What is the "glow stick" liquid made of, and is it toxic?

Dear Mr. Alice:

I recently attended a white-trash theme party which featured a real live stripper who, as part of her act, opened up glow sticks (the kind kids get at Halloween) and poured the fluorescent liquid on her body. The effect was, um, interesting, but I couldn't stop wondering what that glow stuff really is and whether or not it's such a good idea to coat your naked, undulating body with it.

-- The Duck, San Diego

Pa Alice offered to do the research on this one -- hang around after the show and keep an eye on the stripper in case she needs CPR or to check for nasty rashes. I told him we could handle it. I turned down the elves' offer to pour glow-stick stuff on my naked, undulating body instead. So we were reduced to our usual tactic of presenting our questions to strangers on the street until one of them comes up with a halfway reasonable-sounding answer or until we run out of time. In the case of the glowing stripper, I think we've got the naked facts for ya. And I'm glad to report, the lady will live to strip again.

Glow sticks come in many different forms and go by many names, but they all work basically the same way. Two chemicals mix, and the resulting reaction gives off a cold light. Chemiluminescence is the general name for the process. The specific glow-stick technology was developed with money from the Department of Defense, using fireflies as the biological model. And thanks to the unstoppable American imagination, not only do strippers now find the stuff handy, so do cows. More on them later.

Anatomy of a glow stick: Inner glass capsule containing a mixture of hydrogen peroxide and a phthalate ester solvent. Outer soft plastic capsule (in the form of a stick, necklace, earrings, button, whatever...) containing phenyl oxalate ester and fluorescent dye. Snap the inner capsule, and the resulting mixture frantically transfers oxygen atoms around, creating an unstable compound that gives off energy to the dye, then decomposes into carbon dioxide. The energized dye radiates the colored light you see in the light stick. In a cold environment, the chemical reaction is slowed so the light is dimmer but longer lasting. The opposite, of course, if it's hot.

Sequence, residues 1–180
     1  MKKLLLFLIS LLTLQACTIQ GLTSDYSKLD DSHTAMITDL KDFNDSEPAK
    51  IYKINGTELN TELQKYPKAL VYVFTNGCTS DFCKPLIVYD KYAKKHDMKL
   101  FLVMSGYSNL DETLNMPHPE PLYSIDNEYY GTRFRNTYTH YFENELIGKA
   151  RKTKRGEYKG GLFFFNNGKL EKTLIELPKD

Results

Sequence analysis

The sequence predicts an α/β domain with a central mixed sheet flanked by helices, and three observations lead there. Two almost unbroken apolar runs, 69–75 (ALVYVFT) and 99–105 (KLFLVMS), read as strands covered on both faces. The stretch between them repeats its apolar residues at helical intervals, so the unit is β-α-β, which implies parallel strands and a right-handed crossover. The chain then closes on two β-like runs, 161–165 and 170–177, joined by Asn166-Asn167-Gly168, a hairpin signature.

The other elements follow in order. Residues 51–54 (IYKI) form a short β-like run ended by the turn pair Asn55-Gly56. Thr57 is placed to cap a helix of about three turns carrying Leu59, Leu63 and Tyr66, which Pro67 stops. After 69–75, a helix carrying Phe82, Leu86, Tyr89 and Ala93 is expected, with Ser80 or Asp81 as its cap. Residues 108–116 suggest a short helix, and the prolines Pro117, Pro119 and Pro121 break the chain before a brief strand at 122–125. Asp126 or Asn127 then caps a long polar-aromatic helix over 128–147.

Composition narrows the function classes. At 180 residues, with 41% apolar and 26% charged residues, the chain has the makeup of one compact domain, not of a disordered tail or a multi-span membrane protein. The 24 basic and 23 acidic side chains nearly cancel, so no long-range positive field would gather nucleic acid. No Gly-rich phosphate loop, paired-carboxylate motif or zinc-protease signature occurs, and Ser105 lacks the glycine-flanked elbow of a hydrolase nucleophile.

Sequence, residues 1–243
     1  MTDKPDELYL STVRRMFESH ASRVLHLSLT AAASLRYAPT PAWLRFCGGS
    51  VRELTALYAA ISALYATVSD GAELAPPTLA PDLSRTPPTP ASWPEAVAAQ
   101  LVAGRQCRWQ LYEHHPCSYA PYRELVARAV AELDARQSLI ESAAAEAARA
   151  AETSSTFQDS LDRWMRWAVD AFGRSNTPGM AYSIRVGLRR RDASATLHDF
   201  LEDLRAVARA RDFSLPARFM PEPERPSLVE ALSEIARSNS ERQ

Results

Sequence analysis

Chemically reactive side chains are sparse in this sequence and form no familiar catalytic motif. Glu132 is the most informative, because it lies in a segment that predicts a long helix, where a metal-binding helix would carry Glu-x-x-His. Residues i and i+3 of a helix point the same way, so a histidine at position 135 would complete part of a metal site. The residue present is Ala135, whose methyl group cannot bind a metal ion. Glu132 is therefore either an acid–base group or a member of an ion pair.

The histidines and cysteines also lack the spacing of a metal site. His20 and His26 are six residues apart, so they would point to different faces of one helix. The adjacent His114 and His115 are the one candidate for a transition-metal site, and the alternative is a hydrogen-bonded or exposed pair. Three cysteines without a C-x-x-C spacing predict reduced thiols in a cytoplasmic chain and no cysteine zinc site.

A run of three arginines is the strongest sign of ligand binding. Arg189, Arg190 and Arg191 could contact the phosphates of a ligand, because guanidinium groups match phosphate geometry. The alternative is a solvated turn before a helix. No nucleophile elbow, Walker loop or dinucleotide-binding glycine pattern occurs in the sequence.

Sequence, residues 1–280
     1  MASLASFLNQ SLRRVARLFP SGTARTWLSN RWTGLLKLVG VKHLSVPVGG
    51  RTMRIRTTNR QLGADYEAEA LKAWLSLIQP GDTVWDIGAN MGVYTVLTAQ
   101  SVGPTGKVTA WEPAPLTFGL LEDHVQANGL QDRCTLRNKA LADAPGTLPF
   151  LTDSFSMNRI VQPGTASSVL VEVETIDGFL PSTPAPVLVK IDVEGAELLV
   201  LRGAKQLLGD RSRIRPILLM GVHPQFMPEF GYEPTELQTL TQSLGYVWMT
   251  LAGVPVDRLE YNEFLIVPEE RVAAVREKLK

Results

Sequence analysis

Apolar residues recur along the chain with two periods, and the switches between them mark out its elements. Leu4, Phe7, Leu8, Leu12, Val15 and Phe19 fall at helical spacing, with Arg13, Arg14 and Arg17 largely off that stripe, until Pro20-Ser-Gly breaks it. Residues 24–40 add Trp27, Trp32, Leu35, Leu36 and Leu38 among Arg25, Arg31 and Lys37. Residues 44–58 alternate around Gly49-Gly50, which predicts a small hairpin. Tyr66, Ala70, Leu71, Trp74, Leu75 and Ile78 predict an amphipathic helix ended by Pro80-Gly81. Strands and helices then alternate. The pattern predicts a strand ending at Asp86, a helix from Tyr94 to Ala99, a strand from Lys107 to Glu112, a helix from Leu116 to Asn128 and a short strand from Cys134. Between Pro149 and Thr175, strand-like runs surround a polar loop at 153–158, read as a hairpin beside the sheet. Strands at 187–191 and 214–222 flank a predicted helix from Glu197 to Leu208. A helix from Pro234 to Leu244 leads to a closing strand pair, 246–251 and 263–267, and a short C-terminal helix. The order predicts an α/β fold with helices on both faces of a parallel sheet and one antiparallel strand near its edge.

Two major manufacturers of glow sticks say there's nothing in this soup of alcohol and acids that will hurt you if you get it on your skin. I don't think they had your stripper in mind when they said that, and she probably has to be careful of any glass shards that might be released, but a quick post-performance sponge bath should put her out of danger. (Though my attorney suggests that you forget I ever answered this question if you're not an experienced stripper with at least a B-plus average in two semesters of organic chemistry.) Some chemically created cold light uses a mixture that includes sodium hydroxide, which is potentially dangerous.

So, Matt, what's up with the cows? you're asking. What do cows have to do with strippers? The parallels are numerous and unsightly. So we'll limit our discussion to the glow stick connection. One of the niftier applications of chemiluminescence (aside from glowing crosses, suitable for hanging around your neck or carrying in night processions or awarding to particularly diligent Bible students -- imprinted with scripture or your own advertising message, the catalog says) -- anyway, better than glowing crosses is the Bovine Beacon. Unbeknownst to us civilians, one of a dairy farmer's biggest problems is knowing when a cow's in heat, a critical bit of info if the cow's to keep producing. But who's an expert at spotting a ripe heifer? A guy cow, natch. Whap a Bovine Beacon on the cow's haunches, and let nature take its course. And since 68 percent of the time nature takes its course between 10:00 p.m. and 6:00 a.m., the farmer doesn't have to hang around to watch. The capsule inside the Bovine Beacon snaps from the weight of the bull, the dye fluoresces, and Bossy's got a light-up patch on her butt to let the farmer know what's what.

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